Director – Mika Kaurismäki – 2019 – Finland – Cert. PG – 114m
A Chinese chef turns up at a restaurant in a remote Finnish village and impresses the locals with his cooking – charming romantic drama is out in cinemas on Friday, March 11th
A restaurant in a remote part of the Finnish countryside. Cheng (Chu Pak Hong from My Prince Edward, Norris Wang, 2019) and small boy Niu Niu (Lucas Hsuan) walk into the local restaurant where the former asks for Fongtron. The owner Sirkka (Anna-Maija Tuokko) hasn’t heard of Fongtron and can’t help. He asks customers the same question, but they don’t know either. Cheng barely speaks Finnish, which scarcely helps. He doesn’t look like he’s going away, and when he asks if there’s a hotel, Sirkka points him towards a room that’s available. She attempts to feed the pair before closing up, but the mobile phone-obsessed Niu Niu won’t touch her Finnish sausage and mash.
And he’s not the only one: When a day or so later, a coachload of Chinese tourists turn up, they’re not very interested either. Cheng, sitting at a table, immediately springs to Sirkka’s aid and parleys with the Chinese. He basically sells them a Chinese menu, then takes Sirkka on a shopping expedition to the local store to buy the necessary ingredients. The resultant meal is a roaring success with the Chinese, who promise to stop by on their return trip, as well as with Sirkka who makes more money that day than she has for months. And with Niu Niu, who wolfs it down.
The locals, including the curmudgeonly Romppainen (Kari Väänänen from Night On Earth, Jim Jarmusch, 1991; Leningrad Cowboys Go America, Aki Kaurismäki, 1989), hesitantly try the food themselves and have to admit it’s rather good. Cheng takes Sirkka fishing at the local lake, subsequently turning freshly caught perch into soup. He states that food can heal people. Romppainen has health issues, and over the course of the film his condition improves considerably thanks to Cheng’s soup. A slow thaw takes place as he and fellow locals move from putting up with this foreigner and his different ways to embracing him as a cherished friend.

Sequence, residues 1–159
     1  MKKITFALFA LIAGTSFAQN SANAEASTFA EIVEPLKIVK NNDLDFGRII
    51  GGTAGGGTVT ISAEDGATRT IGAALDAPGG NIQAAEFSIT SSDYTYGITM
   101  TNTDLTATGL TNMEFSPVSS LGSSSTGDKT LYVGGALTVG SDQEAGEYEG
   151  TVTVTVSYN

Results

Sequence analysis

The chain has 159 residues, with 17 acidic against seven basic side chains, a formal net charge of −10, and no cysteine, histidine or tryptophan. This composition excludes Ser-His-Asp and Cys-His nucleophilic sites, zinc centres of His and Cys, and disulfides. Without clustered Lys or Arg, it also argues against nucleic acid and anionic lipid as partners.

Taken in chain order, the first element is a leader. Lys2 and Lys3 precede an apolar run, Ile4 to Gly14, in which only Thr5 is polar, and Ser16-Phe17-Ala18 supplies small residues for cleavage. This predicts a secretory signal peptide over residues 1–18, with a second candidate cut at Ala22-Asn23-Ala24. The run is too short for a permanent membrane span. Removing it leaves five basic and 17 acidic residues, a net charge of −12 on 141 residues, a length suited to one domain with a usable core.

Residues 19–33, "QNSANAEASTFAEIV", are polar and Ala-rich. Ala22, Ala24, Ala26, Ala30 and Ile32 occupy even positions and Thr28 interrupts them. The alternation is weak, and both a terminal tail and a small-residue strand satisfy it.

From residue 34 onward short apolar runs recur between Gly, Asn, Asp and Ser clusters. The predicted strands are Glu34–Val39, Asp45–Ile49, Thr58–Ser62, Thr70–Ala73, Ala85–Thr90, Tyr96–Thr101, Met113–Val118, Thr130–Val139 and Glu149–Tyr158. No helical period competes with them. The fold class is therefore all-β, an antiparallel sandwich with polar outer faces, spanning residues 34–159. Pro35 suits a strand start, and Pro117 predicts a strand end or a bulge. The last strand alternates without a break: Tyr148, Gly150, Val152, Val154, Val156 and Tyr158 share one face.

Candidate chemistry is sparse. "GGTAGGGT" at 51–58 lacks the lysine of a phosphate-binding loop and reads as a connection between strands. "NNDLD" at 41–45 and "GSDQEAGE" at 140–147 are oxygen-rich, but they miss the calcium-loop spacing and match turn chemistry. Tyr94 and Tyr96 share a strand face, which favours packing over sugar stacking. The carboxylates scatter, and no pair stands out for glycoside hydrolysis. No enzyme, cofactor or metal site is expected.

Similarly, Sirkka takes a great like to him and starts to pay attention to the boy, buying first a football and then a bike to get him socialising with the local kids. Cheng doesn’t ride a bike and, indeed, is horrified by the latter purchase, for reasons which later become apparent.
There’s a degree of mystery to all this – who exactly is Cheng, and the boy, and Fongtron (if Fongtron is indeed a person, not a company or a place or something else entirely) and why has he come to this remote Finnish village. All is revealed in due course, at a leisurely pace, as the tale unfolds. Two local cops periodically drop by, enjoy the cuisine and ask questions about the chef (who, wisely, has refused to take money from Sirkka and thus hasn’t broken any immigration employment laws). But if he’s there illegally, his days may be numbered. And Sirkka desperately wants them not to be.
Perhaps surprisingly, the film doesn’t go the route of food porn (which, with Cheng’s culinary sills, it easily could have done) focusing rather on the meeting, intersection and mutual assimilation of two very different cultures, throwing in a little Tai Chi exercise alongside Cheng’s cooking and accompanying philosophy, while extolling the virtues of rural Finnish living, community, and clean countryside. I feared it might be mawkish or overly sentimental for my tastes, but no, not a bit of it: Mika Kaurismäki’s slow delivery is beautifully judged, Chu is suitably enigmatic while the down-to-earth Tuokko slowly but surely wins you over, as do the actors portraying her customers. It’s a deeply satisfying viewing experience and, as such, thoroughly recommended.
Master Cheng is out in cinemas in the UK on Friday, March 11th.